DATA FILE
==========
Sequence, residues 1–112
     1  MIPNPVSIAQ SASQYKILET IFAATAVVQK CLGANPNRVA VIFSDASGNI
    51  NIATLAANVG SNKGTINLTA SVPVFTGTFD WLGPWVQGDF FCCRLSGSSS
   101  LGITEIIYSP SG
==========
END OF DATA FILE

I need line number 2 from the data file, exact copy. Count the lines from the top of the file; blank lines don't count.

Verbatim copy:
     1  MIPNPVSIAQ SASQYKILET IFAATAVVQK CLGANPNRVA VIFSDASGNI